We are in a generation where in the last 15 years there have been more attempts of new church starts than in any other generation. There have been more innovative ideas than ever before.
There is a "pioneer" generation that has been raised up. There is a generation who believe that they can steer away from the norm of church as usual and make a difference. This generation of pastors and leaders firmly believe that they can break traditional molds and do something "new." We have great models in this generation to draw from. We have the Rick Warren's for the late 40's and 50's. We have Andy Stanley and Erwin McManus for the early 40's, and Craig Groeschel and Steven Furtick for the 20-30 age range. Great examples.
The only issue with having models is that they are the "exception" and not the rule. Sometimes we believe that if we dress like certain pastors, preach like them and adopt their philosophy, then we can see the same results. As I stated before, we have more "church plant" attempts than any other generation. The reason we have so many attempts is because I don't think we fully grasp the idea of "pioneering." The idea sounds cool and cutting edge. The reality is that it is brutal and unthankful along the journey.
I sat with a pastor last night who is a pioneer model/hero to me. He does not run thousands of people or has he ever preached at Catalyst. He does not have the latest blog or newest book. He does not have a podcast (which he should!), or a video cast. He is a true pioneer. As we ate sushi last night he shared about what God was doing in their outreach program to the inner city. He shared with passion about prison ministry. He shared about the signs and wonders he has recently seen. He also shared the wounds that he has experienced in the past year.
As he was talking, I was thinking, "Who the heck am I?" Sure, I have good ideas and have done some good things, but man- I don't really get it.
Pioneers, please take this advice from a 31 year old. Honor the generation who went before you. Don't think because you have a better idea that you have arrived. Until you walk through the battle and live to tell the story, with wounds and scars, listen and honor the pioneers.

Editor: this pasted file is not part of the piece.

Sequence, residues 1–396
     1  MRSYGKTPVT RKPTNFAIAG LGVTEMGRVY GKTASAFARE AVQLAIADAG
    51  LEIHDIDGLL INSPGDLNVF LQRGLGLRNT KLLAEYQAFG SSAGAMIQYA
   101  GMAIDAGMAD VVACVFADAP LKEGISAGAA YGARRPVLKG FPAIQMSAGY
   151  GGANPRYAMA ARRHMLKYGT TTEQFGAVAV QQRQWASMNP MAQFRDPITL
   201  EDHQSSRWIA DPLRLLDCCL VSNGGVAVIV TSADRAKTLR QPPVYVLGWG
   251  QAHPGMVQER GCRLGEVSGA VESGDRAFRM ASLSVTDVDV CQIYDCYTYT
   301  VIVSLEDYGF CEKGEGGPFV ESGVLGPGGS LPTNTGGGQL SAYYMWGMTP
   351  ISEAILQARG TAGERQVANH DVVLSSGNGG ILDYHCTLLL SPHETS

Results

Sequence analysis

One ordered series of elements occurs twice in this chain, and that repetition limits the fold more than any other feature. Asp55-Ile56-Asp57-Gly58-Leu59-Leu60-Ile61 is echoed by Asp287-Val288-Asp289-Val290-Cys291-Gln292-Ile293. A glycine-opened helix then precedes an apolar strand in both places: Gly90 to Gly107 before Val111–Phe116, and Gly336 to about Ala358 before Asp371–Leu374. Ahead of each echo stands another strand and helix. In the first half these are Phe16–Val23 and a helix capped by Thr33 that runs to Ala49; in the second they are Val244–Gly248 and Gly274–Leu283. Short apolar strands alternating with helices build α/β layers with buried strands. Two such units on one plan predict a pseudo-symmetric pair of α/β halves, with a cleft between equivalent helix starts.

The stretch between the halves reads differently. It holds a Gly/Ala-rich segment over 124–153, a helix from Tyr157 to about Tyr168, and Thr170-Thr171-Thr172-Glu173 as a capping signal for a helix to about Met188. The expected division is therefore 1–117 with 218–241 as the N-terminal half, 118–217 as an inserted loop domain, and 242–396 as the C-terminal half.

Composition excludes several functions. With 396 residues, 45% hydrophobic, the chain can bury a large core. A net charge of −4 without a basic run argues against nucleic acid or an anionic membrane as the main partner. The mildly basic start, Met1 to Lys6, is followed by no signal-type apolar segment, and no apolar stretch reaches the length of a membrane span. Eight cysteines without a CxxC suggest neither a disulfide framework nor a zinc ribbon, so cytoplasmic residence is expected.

The "white steeple, white door, red brick" churches with pastors that are gray headed and wear ties have a place of honor. My friend Billy Mitchell calls them "Legacy" churches.
1) That church that you want to be so different from was the place (generally speaking) where your grandparents gave their life to Christ and began a godly line in your generation.
2) There are faithful preachers who will never be noticed and serve for years in these churches.
3) True pioneering is not glorifying, but crucifying. You are misunderstood, overlooked, under-appreciated and outcasted from popular groups.
4) You will experience a lot of failure before you see the great successes come forth.
5) Pioneering is not spiked hair (or bald in my case), graphic tees, LED lights and the newest music. Pioneering is not a cool church name or logo.
Pioneering is the cross. Pioneering is bleeding on the streets of your city. Pioneering is being underpaid and overworked. Pioneering is helping the hurt, not building a fantasy land for happy people. Pioneering is settling new land. Pioneering is being betrayed. Pioneering is feeling like God has forgotten you at times. Pioneering is reaching the least, last and lost of your city. Pioneering is totally worth it.
Let's gain perspective on the pioneering work we are doing. You may be pioneering a new kind of blog, ministry or organization. Let's also honor the pioneers of our previous generation and the crosses that they have bore.